Luke was many things as a teen, but a murderer? And what about the drowning of Ellie Deacon? Was it really suicide, or something more sinister? It was easy to get sucked into this novel. From the alcohol fueled feuds between neighbours, to the secrets hidden in plain sight. I was captivated by the powerful descriptions of the landscape in a dying town. The crimes added to the atmosphere and I thought it all unraveled in an exceptional way.
Highly recommend. View all 17 comments. Just one human heart beat within a kilometer radius of the farm. So nothing reacted when, deep inside the house, the baby started crying. He recalls his days as a boy there, his early teen years spent at the rushing river he and his friends used to fish in, play in, now is barely recognizable. Luke Handler, his wife, Karen, and his six year-old son, Billy, all gone.
It seems everyone in town believes that Luke killed his wife, and his son, and then turned the gun on himself. Only his infant daughter was left untouched. But did they really know their son? Small towns have some things in common, the talk that lingers for decades, fingers pointed, the certainty that they know what happened lingers long after the time has passed.
Weaving in and out of time the way the river of his childhood flowed effortlessly, his memories of the past alternate with the search of the present day. Working with Raco, who is with the local police, they examine the case from multiple sides, running into dead ends.
For me, the characters that spoke to me the most were Ellie and Karen, both facing futures which seemed to have no right way to turn, both wanting to share their burdens but unable to share them in time to save them. What I really loved most about this novel the most was the atmosphere, the setting, the mood. What are you if you are a farmer and you can no longer farm your land? Always the flies. View all 62 comments. Feb 18, Skyler Autumn rated it it was ok Shelves: not-worth-the-hype.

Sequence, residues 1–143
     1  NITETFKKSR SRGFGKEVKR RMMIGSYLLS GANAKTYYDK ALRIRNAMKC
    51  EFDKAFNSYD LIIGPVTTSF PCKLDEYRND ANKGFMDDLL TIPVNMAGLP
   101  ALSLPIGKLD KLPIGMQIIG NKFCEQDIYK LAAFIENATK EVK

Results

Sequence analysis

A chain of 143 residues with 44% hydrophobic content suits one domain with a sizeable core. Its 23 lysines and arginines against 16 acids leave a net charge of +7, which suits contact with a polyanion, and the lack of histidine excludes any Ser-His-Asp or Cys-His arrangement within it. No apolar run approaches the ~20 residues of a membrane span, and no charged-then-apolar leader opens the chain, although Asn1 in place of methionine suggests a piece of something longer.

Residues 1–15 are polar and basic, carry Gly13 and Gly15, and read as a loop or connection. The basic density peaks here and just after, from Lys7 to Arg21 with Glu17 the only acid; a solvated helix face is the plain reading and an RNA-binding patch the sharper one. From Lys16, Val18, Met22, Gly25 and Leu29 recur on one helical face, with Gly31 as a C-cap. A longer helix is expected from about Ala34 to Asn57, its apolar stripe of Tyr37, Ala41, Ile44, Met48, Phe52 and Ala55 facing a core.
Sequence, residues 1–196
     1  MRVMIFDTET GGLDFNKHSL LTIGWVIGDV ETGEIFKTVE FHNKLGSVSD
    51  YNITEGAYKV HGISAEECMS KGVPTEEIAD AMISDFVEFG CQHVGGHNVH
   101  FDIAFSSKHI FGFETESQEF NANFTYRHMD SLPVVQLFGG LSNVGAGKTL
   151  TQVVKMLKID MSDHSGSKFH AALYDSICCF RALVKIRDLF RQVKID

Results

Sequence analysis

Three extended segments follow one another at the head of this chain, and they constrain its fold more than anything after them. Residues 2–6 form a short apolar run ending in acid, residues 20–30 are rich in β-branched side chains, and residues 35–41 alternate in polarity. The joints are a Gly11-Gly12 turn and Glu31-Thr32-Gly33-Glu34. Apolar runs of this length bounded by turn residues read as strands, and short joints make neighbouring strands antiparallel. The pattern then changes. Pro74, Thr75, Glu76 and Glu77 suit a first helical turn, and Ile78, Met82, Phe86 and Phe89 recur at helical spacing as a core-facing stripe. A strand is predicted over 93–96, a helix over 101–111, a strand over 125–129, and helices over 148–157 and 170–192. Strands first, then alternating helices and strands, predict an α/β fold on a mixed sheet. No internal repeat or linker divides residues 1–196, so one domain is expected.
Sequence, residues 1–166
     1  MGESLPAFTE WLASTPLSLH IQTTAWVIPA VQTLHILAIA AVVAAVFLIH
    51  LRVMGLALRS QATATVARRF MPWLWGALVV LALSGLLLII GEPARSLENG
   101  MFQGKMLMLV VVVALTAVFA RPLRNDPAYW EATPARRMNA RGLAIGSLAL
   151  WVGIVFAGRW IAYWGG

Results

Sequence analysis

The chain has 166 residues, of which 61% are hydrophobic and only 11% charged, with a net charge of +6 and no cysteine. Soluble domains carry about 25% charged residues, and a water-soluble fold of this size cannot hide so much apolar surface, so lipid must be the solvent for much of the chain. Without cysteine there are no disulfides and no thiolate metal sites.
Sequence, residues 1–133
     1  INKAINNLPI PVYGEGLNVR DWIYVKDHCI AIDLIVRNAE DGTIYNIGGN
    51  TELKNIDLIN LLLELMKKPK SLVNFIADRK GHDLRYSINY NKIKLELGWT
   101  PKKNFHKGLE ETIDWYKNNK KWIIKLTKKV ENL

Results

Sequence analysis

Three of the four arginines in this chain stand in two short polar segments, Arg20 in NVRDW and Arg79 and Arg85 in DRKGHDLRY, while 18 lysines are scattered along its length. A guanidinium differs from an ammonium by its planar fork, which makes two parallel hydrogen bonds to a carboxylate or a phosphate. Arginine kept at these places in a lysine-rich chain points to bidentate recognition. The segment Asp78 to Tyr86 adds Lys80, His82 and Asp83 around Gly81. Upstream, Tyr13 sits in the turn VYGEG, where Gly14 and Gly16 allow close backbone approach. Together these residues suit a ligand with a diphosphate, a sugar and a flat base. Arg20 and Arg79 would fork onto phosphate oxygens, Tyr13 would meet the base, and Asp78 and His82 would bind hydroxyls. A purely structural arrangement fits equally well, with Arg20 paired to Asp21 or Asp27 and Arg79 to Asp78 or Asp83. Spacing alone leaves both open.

I am reading all these 5 star rave reviews for The Dry and I'm just left here thinking, what the hell am I missing? This book was a bit of a chore for me to read. I literally had to force myself to read it, and I know what people are think, then why didn't you just stop reading it? And I have two answers for that: 1. I'm a stubborn bitch 2. I kept thinking the next chapter was going to blow my mind and then I'll understand these rave reviews, but as chapters went by I s 2 Stars I don't get it?
I kept thinking the next chapter was going to blow my mind and then I'll understand these rave reviews, but as chapters went by I soon came to the realization this was going to be another over hyped read that doesn't live up to the hype. The Dry is about Aaron Falk as he returns to his very dry hometown I mean that both literally and figuratively Kiewarra, to attend the funeral of his childhood friend Luke Hadler who allegedly murdered his wife, his child, decided to leave the baby alone and then go off himself.
Murder-suicide what an interesting start to a mystery novel you may say! You my friend would be mistaken. New Releases. Description Chaperoning his unmarried sister, Chuk short for Chukkamunetor joins the Israelites fleeing Egyptian bondage with the family's former maidservant and her parents. Along the way, Chuk becomes obsessed with Aaron's rod and determines to steal it for his own personal use as he learns more about Israel's God. Other books in this series. Queen of Swords Sara Donati. Add to basket. Fire Along the Sky Sara Donati. Dawn on a Distant Shore Sara Donati. Lake in the Clouds Sara Donati.
The Endless Forest Sara Donati. Into the Wilderness Sara Donati. Out of the Wilderness David Young. Rahab's Choice Judith H Savoy. In the Wilderness David Young. The Land Euclides Da Cunha. Aaron's Rod Judy Savoy. Into the Wilderness Pamela Ackerson.